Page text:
So far we've not captured a good screen shot, but no doubt we will soon. This image was captured by the Project Team this morning during a short change in incubation. The male later brought in some food, but flew off with it shortly afterwards because the incubating falcon showed little interest in it at that time.
|Screen grab by Liz1155|
Comments and Tweets.
We frequently moderate blog comments before they are published, so there may be a short delay before they appear. You can check out the most recently posted comments, as well as recent 'Tweets' sent from our Twitter account (@derbyperegrines) by looking at the right hand side bar of this Blog's homepage. To leave a comment, simply click on the word 'comments' at the bottom of the most recently published post. Comments left by school teachers or school children are currently being inserted below the most recent post, as we think everyone will find it interesting to see how schools are using Derby's Peregrines as a fantastic learning resource.
You might ask why bother with Twitter and Facebook when we have such a successful blog? The answer is that people are increasingly getting their information on the move and in various forms. Whilst we can't be present on every social media platform, we do think that Facebook and Twitter are worthwhile and effective ways of reaching more people, too.
Luckily we managed to spot a comment left on an earlier posting from Alistair Henderson who said:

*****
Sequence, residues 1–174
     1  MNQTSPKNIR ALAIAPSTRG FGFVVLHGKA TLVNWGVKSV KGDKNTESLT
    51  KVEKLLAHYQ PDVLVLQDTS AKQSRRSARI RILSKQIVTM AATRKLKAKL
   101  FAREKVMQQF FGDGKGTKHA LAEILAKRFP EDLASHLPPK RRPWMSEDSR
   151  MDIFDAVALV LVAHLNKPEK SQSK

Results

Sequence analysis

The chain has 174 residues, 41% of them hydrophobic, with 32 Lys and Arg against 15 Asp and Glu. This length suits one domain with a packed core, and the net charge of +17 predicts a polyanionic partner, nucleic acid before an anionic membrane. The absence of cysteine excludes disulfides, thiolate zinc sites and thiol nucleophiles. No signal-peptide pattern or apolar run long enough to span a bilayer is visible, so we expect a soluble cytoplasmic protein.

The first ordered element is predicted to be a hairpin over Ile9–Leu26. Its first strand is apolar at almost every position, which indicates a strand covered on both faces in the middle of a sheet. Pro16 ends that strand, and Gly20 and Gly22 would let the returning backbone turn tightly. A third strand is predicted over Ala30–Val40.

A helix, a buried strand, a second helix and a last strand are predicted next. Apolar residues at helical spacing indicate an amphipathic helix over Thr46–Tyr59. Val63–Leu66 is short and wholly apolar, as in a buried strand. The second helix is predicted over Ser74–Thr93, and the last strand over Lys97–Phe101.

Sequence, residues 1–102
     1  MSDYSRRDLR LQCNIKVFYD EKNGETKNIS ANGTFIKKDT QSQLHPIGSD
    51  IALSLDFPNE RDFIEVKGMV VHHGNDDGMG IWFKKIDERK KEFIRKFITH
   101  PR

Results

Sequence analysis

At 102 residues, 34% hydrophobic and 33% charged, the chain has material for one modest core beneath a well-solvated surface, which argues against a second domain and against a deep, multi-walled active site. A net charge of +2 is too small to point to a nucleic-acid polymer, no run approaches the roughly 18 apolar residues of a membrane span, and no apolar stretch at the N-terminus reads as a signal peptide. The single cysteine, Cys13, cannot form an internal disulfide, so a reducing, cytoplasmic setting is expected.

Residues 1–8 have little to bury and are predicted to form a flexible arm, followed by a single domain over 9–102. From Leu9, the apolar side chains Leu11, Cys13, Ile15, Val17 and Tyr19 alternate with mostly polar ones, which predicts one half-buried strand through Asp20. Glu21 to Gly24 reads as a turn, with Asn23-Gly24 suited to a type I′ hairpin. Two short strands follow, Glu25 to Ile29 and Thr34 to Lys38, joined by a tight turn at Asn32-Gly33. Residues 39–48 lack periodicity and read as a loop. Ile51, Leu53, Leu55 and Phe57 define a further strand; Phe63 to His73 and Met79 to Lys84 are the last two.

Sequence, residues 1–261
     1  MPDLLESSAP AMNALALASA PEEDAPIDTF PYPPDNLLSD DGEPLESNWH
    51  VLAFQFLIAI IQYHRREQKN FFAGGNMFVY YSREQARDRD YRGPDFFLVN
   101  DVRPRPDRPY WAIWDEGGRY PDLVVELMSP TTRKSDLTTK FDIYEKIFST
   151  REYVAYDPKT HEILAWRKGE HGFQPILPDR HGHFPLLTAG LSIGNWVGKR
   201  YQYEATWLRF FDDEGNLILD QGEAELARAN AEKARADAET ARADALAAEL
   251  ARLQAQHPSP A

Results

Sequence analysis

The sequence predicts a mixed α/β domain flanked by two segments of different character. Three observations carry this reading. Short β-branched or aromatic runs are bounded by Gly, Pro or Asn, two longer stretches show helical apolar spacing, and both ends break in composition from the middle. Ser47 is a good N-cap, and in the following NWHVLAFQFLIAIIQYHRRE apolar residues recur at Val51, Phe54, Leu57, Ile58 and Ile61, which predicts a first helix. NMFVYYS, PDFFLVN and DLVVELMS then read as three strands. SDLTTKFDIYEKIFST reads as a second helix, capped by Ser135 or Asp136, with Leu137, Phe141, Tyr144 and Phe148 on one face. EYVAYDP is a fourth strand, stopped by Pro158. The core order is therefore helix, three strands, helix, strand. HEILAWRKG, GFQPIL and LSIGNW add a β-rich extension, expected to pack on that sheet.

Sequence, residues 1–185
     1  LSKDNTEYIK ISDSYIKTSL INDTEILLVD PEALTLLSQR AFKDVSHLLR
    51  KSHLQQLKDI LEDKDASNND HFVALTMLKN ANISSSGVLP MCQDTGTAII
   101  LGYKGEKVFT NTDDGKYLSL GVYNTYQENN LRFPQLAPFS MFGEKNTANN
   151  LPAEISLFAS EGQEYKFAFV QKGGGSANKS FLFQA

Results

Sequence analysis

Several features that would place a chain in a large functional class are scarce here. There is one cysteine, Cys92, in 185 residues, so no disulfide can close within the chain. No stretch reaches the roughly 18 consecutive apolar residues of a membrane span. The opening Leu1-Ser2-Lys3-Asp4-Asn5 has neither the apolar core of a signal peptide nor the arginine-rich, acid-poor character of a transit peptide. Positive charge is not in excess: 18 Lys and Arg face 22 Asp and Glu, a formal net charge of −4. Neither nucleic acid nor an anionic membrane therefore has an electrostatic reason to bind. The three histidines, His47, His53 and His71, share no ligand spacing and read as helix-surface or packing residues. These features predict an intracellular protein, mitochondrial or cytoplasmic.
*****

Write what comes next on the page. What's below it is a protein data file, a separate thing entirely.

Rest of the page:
"While watching yesterday evening [13th May] I saw a small rodent being brought to and fed to the brood. Is it expected that rodents feature in the 'usual' diet of nestling peregrines or are times tough for the male while hunting? "
The answer is that mammals are only ever rarely caught. Aylesbury peregrines had a pipistrelle bat as a prey item, and in 2007 we captured a video of our chicks being fed a rat. We don't think this means it's a tough time for peregrines - more a sign that they are opportunistic hunters, and may take whatever food they can.
UPDATE: Sunday 19th May, 10.30 am to 4 pm. DWT is running an 'In Flight' adult education photography course at Carsington Water in mid-Derbyshire, with a falconer present who will fly his birds. The cost is £50 and the tutor is Paul Shaw. Booking essential - phone the DWT office on 01773 881188 in office hours before 4.30 tomorrow (Friday). Note that it is not possible to book possible by ringing Carsington itself.